The first striking thing about the way the book (by Belinha S. de Abreu with Vitor Tomé) framed up its argument was defining the digital age as one characterised by performativity (“knowledge appreciated for its relation with power instead of truth”) and speed (xv). It positions this idea in the changing education landscape which needs to reform to ensure devices are instructional tools, not a babysitters – “the disconnect between what is assumed to be learning and engagement versus passive usage” (xxvi).
This led to the deconstruction of myths like the assumption that digital natives will be digital savvy and a task that uses a device does not necessarily have any pedagogical value. It made a clear argument that the placement of digital literacy is not exclusive to any subject and should sit in a cross-curricula space that is dynamic and responsive (I feel like that was a direct challenge to schools that are handling the 21st century by rolling out the same 4 week unit on digital citizenship annually since 2012). It also argues for online learning to be integrated in order to enables the four dimensions of learning 2.0: content, creation, connection and collaboration (144).
The second half of the book tracked through some expansive research undertaken in Portugal. The data was provocative, largely reinforcing the main themes of the book. It made a familiar call for widening our understanding of literacy to be inclusive of digital literacy. It called for the integration of online social networks to develop a participatory culture of global connectiveness: “We cannot continue preparing individuals to solve problems individually, because it is no longer what society asks citizens” (146).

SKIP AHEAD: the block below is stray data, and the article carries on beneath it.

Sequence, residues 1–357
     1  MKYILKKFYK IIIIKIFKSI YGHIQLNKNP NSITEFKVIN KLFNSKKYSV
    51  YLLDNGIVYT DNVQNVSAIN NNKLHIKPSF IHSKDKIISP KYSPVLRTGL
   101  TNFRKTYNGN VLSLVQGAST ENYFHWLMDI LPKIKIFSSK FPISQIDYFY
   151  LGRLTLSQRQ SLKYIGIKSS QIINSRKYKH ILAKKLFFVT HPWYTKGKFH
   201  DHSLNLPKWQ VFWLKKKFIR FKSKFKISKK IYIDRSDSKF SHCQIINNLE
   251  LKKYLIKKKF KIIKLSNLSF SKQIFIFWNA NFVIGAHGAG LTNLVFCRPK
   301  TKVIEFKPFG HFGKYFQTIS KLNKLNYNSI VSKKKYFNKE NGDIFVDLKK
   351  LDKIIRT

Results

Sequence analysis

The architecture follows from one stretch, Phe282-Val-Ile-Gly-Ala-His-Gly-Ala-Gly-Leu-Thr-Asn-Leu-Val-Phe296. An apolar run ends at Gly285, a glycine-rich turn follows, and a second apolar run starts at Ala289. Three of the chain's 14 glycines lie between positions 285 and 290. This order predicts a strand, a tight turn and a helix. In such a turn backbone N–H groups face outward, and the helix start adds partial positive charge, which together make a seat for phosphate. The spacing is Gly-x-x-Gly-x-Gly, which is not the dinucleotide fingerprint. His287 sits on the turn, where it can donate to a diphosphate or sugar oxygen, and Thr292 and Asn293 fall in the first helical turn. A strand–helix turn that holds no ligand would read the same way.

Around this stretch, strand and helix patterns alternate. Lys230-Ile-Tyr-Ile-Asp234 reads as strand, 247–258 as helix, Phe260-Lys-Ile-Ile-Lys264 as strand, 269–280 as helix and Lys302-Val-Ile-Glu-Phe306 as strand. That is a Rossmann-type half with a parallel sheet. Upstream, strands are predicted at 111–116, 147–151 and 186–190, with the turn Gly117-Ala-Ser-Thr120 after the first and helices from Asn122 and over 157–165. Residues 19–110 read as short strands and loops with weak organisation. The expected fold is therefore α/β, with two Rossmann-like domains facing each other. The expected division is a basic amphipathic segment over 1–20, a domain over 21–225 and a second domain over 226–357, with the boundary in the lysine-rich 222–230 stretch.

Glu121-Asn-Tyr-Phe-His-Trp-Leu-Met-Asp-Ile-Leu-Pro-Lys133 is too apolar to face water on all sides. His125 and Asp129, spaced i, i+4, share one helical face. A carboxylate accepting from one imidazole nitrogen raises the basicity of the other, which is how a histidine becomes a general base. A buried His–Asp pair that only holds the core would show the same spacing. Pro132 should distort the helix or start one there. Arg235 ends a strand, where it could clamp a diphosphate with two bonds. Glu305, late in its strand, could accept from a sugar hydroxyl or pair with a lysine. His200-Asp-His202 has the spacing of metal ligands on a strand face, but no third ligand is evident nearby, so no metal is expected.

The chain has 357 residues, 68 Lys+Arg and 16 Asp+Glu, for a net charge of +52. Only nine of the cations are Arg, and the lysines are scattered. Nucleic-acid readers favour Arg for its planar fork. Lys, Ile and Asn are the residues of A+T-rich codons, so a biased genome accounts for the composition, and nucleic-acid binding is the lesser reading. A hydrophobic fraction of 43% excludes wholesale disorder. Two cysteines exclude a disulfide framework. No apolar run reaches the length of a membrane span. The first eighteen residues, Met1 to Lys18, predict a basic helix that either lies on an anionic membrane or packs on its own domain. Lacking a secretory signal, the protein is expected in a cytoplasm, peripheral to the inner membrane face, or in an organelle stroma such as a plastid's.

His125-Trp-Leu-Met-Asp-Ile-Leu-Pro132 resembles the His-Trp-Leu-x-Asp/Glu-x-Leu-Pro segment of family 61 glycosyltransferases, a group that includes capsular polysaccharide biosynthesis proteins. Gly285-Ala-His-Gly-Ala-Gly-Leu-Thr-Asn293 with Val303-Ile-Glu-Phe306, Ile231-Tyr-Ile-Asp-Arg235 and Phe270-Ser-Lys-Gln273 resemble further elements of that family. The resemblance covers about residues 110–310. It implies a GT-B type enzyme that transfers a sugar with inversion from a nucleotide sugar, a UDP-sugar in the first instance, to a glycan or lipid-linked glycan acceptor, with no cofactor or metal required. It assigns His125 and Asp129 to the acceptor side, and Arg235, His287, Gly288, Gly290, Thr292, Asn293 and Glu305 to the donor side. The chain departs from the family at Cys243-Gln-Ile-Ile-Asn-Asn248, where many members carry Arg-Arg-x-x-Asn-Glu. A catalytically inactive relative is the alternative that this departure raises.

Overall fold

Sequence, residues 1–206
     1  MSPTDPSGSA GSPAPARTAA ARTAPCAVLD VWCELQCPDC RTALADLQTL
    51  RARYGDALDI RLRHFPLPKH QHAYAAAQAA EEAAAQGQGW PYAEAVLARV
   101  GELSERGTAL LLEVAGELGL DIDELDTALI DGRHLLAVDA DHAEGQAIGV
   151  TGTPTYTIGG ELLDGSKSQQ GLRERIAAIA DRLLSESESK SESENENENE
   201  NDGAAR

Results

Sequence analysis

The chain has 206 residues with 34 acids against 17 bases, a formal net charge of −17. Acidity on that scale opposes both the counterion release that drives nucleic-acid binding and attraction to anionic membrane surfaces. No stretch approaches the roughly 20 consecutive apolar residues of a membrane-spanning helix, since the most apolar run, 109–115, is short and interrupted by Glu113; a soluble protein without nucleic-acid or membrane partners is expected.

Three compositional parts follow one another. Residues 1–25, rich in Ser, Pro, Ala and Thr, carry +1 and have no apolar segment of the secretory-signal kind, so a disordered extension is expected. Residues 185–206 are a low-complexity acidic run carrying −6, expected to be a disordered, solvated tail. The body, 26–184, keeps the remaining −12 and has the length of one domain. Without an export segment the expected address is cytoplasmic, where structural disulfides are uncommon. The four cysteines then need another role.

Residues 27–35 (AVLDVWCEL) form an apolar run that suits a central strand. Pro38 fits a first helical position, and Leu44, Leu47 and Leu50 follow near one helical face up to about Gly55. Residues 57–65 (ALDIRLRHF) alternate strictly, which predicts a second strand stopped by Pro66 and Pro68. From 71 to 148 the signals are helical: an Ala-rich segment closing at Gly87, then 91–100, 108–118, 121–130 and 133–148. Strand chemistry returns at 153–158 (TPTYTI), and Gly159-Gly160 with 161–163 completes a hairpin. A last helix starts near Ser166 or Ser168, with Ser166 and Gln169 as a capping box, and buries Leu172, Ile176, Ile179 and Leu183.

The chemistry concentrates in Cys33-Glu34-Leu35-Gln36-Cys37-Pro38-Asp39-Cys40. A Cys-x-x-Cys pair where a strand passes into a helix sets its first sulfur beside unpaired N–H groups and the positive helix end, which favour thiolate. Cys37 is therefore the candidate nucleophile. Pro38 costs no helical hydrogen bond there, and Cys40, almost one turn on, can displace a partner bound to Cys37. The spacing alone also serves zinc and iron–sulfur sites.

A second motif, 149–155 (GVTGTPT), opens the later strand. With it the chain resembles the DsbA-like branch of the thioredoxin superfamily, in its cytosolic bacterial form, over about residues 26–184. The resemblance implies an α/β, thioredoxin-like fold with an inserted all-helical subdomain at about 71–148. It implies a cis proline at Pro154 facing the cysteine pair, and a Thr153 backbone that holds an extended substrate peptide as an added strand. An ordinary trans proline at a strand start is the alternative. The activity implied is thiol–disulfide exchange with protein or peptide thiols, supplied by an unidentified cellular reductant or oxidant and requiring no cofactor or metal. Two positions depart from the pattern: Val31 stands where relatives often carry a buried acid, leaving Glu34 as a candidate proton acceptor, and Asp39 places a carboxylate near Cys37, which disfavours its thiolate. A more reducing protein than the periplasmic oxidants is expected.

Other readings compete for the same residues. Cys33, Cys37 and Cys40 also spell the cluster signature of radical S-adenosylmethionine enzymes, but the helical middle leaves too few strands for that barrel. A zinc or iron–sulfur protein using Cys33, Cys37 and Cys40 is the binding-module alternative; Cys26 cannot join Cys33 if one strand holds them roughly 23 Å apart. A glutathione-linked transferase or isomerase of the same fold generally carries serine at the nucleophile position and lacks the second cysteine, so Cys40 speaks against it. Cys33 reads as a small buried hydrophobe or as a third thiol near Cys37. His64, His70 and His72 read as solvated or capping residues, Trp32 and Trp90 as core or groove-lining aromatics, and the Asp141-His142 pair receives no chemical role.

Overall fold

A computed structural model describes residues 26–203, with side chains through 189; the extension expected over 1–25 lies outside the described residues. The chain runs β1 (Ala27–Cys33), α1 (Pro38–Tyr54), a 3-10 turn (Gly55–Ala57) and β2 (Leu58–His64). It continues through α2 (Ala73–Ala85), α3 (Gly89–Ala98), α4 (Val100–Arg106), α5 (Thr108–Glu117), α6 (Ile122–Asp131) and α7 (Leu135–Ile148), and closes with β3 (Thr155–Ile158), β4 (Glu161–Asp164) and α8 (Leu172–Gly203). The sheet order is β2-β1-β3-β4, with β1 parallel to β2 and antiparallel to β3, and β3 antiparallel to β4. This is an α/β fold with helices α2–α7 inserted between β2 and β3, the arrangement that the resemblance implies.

The book asked questions about the privacy of data and the ethics of using mobile learning with students. If the only way to keep students safe is to keep them off the grid – which is unrealistic – then how do we ensure that digital citizenship and media literacy is taught to adequately protect students? NZ resource Netsafe is one place, but the authors quote a lot from cyberwise which looks worth spending more time with.
An overall point I understood from the book was the way that learning through mobile technology is not an automatic process. When we deconstruct the factors we realise that a lot of assumptions need to have significant thought and scaffolding to ensure positive learning outcomes for students. Take the digital divide for instance (or as Henry Jenkins calls it the “participation gap” ), which is often referred to in terms of who has the internet and who does not. Even in classrooms where everyone has internet access at home the divide still exists and can be broken down by the speed of their internet, the type of device used, the skills they have in navigating it etc. The authors drew on Yildiz to suggest that the way forward is providing students with multiple means of representation, expression and engagement (49). The solutions to digital literacy and inclusive learning might look very similar if both were explored through Universal Design for Learning.
In conclusion the book clearly places itself as an advocate for a positive position on mobile learning. It laments the fear mongering and negative media that hampers effort to move forward to digital integration. It finishes with this passionate call to arms:
“Mobile tools are here to stay and the underpinning of growing knowledge and understanding is best served through digital media literacy as the greater context and overarching inquiry” (174).
Belinha S. de Abreu w Vitor Tomé (2017) Mobile Learning Through Digital Media Literacy. Peter Lang: New York.